By Matthew Rusling
WASHINGTON, Aug. 29 (Xinhua) -- U.S. billionaire Donald Trump is to dominate the Republican contest for presidential nomination longer than expected, but his chance of success is still slim, a U.S. expert told Xinhua in an interview.
Trump is bashed for his bombast, in-your-face nature and aggressiveness, but those traits are ironically just what Americans desire in a leader, Jeffrey Pfeffer, professor of organizational behavior at the Graduate School of Business at Stanford University, said in the interview.
Currently, Trump continues to top the list of Republican Party candidates in a very crowded field, and garner much media attention in the race to win Republican nomination for the 2016 presidential elections, despite initial predictions that he was a flash in the pan.
Pfeffer predicted that Trump will continue to dominate the polls and the nomination contest a lot longer than most people expect. While Trump has many of the leadership characteristics people say they abhor, people also reward them, he noted.
People may disapprove of Trump's self-promotion, disdain for facts, and unapologetic persona, but these are the very qualities that allow leaders to succeed. Numerous studies show that narcissism, not modesty, and self-confidence, even overconfidence, self-presentation lead to leadership roles, according to Pfeffer, author of the book, Leadership BS: Fixing Workplaces and Careers One Truth at a Time.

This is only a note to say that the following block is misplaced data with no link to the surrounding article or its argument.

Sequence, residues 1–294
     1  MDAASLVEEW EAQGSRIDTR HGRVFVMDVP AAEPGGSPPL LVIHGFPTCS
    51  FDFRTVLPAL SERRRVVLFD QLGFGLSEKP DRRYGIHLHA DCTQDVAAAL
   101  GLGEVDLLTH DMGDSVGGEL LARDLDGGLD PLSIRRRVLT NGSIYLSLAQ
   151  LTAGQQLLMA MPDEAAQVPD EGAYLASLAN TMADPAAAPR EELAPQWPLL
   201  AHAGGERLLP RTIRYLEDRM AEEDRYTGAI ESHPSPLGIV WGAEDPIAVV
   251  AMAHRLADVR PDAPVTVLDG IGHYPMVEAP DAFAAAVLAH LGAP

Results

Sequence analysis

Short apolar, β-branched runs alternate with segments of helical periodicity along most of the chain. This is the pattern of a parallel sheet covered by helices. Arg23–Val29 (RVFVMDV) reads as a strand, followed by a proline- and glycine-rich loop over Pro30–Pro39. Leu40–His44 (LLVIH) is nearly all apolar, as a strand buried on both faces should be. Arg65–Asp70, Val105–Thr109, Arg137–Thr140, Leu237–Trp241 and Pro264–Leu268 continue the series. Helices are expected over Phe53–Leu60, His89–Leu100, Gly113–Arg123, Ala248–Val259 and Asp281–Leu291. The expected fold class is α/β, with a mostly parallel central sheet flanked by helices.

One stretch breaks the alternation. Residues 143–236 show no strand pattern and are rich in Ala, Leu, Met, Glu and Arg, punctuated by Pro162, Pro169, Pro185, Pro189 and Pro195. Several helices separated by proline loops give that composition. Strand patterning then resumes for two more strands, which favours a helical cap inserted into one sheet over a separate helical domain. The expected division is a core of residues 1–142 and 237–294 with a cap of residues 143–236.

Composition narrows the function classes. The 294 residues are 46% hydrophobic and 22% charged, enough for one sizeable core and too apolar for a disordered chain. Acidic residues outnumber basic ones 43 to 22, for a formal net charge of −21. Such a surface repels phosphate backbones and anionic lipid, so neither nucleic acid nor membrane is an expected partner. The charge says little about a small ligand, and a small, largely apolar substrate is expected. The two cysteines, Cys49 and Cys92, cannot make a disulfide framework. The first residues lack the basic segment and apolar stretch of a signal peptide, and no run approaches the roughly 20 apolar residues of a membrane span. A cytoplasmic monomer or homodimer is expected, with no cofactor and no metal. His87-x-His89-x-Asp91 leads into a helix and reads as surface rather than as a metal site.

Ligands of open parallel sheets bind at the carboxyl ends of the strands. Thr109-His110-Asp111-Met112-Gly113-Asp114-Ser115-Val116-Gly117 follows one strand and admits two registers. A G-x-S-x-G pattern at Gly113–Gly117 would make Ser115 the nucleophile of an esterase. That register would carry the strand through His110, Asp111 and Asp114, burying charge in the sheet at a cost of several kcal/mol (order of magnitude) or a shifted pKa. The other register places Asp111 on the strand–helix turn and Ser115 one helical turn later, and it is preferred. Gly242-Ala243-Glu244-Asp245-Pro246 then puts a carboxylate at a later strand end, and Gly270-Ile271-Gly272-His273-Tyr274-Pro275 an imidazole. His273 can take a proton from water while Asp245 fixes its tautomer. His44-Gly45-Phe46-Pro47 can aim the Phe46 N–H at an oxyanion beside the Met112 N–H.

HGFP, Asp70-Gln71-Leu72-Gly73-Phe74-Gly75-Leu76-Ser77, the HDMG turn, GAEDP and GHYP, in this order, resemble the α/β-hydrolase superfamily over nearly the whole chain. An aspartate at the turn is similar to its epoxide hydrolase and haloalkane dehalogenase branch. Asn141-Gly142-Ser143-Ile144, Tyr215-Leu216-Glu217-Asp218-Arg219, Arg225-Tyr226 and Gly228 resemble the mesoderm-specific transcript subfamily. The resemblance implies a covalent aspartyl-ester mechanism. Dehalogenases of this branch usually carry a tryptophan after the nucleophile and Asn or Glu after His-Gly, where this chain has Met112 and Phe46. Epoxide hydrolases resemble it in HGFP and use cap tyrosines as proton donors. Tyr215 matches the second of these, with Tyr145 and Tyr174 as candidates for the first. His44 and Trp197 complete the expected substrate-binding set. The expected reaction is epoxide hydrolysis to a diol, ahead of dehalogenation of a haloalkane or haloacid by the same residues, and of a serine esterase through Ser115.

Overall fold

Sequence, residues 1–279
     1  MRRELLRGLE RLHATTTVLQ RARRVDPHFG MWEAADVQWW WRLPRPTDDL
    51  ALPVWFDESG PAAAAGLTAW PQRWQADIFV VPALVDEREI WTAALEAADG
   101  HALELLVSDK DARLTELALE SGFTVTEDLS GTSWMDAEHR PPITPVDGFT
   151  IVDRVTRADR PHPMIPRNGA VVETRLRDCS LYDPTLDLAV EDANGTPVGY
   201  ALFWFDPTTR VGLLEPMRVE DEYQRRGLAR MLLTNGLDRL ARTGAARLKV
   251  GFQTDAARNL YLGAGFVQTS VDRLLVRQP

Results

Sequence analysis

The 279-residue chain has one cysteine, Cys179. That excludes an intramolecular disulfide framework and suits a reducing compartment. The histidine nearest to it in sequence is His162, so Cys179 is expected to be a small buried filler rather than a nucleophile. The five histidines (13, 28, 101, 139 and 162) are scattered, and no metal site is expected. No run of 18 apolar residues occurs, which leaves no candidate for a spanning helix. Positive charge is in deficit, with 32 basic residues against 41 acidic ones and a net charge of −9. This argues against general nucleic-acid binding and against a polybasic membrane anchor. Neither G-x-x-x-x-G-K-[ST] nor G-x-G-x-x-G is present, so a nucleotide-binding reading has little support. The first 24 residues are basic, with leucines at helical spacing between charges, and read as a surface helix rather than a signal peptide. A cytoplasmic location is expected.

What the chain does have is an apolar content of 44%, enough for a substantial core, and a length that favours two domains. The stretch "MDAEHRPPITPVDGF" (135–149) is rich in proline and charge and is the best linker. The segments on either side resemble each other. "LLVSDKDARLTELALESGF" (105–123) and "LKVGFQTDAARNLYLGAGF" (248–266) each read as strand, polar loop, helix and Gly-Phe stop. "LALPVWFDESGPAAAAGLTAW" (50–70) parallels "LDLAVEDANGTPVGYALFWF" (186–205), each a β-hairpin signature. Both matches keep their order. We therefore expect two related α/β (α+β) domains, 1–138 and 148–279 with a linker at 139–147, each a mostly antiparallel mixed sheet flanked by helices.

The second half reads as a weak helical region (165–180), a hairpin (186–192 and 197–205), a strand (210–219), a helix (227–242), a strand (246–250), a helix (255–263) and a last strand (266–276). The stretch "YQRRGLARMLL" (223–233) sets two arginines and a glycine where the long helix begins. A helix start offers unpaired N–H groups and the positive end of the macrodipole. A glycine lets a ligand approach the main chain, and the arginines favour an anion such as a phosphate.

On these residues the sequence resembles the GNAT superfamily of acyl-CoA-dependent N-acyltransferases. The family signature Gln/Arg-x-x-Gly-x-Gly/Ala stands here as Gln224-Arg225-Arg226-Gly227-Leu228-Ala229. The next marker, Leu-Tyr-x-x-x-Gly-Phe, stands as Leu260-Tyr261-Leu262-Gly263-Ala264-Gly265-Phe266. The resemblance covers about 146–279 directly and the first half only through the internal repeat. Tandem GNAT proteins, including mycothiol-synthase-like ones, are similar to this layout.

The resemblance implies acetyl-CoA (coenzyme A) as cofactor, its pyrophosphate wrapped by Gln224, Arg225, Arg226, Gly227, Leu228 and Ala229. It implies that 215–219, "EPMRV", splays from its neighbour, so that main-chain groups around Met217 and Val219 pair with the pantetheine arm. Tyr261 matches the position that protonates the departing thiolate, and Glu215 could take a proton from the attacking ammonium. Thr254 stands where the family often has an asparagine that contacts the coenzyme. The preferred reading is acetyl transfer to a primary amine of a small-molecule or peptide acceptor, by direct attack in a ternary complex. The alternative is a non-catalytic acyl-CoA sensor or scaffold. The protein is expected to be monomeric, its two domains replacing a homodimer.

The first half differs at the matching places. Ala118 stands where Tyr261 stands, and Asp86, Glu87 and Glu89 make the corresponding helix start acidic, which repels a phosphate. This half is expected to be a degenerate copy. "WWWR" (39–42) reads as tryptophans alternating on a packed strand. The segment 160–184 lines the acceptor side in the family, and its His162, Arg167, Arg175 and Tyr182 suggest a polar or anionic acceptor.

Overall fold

"We all want to associate with success and pick those who seemingly know what they are doing. Leaders lie with more frequency and skill than others. Some of the most revered and wealthiest people mastered the skill of presenting a less than vertical version of reality," he argued.
Pfeffer said that people often don't admit these truths to themselves. "As I point out in Leadership BS: Fixing Workplaces and Careers One Truth at a Time, the qualities we claim to want in leaders, modesty, authenticity, telling the truth, and so forth, empirically do a poor job of predicting who gets picked for leadership positions and who gets promoted. Nonetheless, we don't want to admit this, certainly not to ourselves," he said.
"Research shows that people form impressions of others -- very quickly -- based primarily on how they look, second on how they sound, and third, on the content of what they say. Trump's positions are often internally inconsistent and change over time. No one knows, or cares very much," Pfeffer said.
"The reaction to Trump is visceral -- he projects energy, confidence, and self-assurance. His policies are irrelevant to people's response to him, at least at the moment," he said.
While Trump will be around longer than anticipated, Pfeffer does not believe Trump will clinch the Republican nomination and go on to face likely Democratic nominee Hillary Clinton in next year's race to the White House.
That is because running a campaign is like running a large, successful start-up. But in the case of Trump, his strength lies in marketing, he contended.
"Trump is all about marketing. Marketing will take you a long way, but not all the way." Pfeffer said. "In the end, people need to build structures that aren't so completely dependent on the whims of one person, and here Trump's record is not so good."